Park Board Reluctantly Signs Off On Privatized Fair Park

The packed house of a marathon park board meeting.EXPAND
The packed house of a marathon park board meeting.
Stephen Young

Dallas Mayor Mike Rawlings got what he wanted.

After an arduous Dallas park board meeting that lasted more than eight hours, the Rawlings-pushed plan to offload the management of Dallas Fair Park to a private foundation achieved an important step, moving on to what will surely be a city council squabble over the fate of the 277-acre exposition grounds.

On one side is Rawlings, Tiffinni Young whose seventh city council district includes Fair Park, and Walt Humann, the Dallas civic leader tapped by Rawlings to lead the privatization effort. On the other side are people who want to emphasize the park part of Fair Park Opponents to the mayor's plan pushed to get more details about what the hand-off to Humann would look like.

Rawlings called an emergency press conference Monday afternoon to say that the park board needed to sign off on the plan and that it needed to do it Thursday. By the time Thursday's 8:30 a.m. meeting started, the Dallas city council briefing room was completely full and spilling out into city hall's flag room. There were more TV cameras than have probably been at park board meeting in a decade.   

Among the speakers on the open mic were Kevin Felder, who lost to Young in a city council runoff election in 2015, Friends of Fair Park President Craig Holcomb and former Dallas City Council member Alan Walne.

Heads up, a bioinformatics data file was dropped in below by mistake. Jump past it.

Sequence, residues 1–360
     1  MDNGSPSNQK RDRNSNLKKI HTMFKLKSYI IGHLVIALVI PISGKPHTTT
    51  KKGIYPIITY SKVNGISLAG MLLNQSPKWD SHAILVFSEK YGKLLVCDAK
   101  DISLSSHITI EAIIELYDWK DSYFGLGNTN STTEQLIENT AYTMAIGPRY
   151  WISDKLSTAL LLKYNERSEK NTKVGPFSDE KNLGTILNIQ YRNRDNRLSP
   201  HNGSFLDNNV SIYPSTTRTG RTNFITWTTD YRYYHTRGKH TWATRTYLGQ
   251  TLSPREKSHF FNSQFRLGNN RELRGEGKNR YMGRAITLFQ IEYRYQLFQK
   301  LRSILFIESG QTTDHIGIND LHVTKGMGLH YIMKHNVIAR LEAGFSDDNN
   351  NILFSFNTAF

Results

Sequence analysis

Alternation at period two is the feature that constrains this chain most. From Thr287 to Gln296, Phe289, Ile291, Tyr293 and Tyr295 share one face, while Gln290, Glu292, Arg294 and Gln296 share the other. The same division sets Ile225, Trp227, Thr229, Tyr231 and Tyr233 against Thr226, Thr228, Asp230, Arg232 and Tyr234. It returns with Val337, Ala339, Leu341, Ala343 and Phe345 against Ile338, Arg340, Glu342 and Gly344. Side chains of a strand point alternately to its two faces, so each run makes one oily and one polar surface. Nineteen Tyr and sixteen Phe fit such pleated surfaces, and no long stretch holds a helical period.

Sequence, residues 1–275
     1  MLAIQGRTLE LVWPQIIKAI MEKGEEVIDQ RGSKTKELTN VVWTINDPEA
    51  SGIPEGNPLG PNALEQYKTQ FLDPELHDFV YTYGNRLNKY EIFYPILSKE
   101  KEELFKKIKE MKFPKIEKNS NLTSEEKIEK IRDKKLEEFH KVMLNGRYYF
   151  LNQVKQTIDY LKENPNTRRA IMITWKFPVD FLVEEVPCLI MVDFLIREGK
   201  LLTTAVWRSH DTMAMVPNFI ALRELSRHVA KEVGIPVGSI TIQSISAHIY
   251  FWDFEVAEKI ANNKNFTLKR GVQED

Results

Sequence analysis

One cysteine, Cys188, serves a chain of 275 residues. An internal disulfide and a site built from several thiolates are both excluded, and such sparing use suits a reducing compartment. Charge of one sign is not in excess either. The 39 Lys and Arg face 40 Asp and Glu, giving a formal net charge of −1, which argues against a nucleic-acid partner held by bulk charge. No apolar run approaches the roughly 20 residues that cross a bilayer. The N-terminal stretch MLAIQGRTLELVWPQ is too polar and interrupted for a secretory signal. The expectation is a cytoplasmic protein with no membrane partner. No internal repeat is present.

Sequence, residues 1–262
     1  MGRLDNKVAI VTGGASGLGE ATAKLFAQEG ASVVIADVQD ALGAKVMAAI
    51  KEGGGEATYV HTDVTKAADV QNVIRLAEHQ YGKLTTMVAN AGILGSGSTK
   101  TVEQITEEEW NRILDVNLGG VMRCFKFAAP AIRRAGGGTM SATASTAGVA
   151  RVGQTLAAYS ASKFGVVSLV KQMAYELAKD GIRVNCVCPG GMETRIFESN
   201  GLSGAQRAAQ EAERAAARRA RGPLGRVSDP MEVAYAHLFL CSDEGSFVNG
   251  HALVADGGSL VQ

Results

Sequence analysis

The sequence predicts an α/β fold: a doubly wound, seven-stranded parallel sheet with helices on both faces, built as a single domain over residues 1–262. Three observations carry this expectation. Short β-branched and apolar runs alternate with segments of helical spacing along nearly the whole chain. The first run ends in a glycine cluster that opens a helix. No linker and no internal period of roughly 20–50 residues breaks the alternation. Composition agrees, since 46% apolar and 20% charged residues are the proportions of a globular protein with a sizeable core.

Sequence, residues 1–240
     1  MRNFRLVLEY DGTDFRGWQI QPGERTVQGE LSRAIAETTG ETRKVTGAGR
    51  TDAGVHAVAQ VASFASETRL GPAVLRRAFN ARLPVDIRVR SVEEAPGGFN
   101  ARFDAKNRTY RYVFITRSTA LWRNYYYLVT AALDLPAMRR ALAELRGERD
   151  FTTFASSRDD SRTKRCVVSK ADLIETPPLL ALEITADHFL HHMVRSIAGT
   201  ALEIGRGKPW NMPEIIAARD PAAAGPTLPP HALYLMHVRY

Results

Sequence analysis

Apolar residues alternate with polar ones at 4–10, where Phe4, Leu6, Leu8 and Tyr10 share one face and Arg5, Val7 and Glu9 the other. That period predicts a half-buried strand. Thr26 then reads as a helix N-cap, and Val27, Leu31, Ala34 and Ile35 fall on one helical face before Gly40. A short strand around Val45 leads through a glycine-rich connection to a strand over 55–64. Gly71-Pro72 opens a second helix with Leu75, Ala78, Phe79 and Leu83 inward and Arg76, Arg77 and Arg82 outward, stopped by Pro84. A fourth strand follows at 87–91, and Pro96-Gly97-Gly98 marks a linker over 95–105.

Felder asked the park board to take more time before it voted. The full details of the Humann plan haven't been available, to the public or the park board, long enough, Felder argued, for appropriate vetting. Holcomb and Walne pushed for the vote to happen because, they said, they trusted Humann's leadership. The time to act on Fair Park, as it has been for the last couple of decades, was now, Holcomb and Walne argued.

When Humann took center stage after lunch, he was peppered with questions from members of the park board appointed by Dallas City council members who've opposed the plan. Paul Sims, appointed by Philip Kingston, offered several dozen amendments, most of which passed, only to vote against it anyway.

Sean Johnson, Young's appointee, accused Sims and others of fighting a proxy battle for their city hall counterparts, cryptically remarking that "eagles don't fight snakes on the ground."

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The most significant concession won by the plan's opponents was another drop in the fee the Humann led foundation would potentially be paid. That number has now been cut to $21 million a year after starting at more than $30 million when details of Humann's plan first became public.

The meeting's sole entertainment came from the inconsequential tirades of District 5 Park Board Representative Yolanda Williams. As my colleague Jim Schutze outlines in greater detail in his post this morning, Williams spent a large portion of the meeting in histrionics over people from outside South Dallas who she said were interfering with the process.

"I'm offended when outsiders come and and say you aren't including the community," she said in the midst of a tirade against Dallas' favorite anonymous internet gadfly, Wylie H., whom she repeatedly called Wylie Davis.


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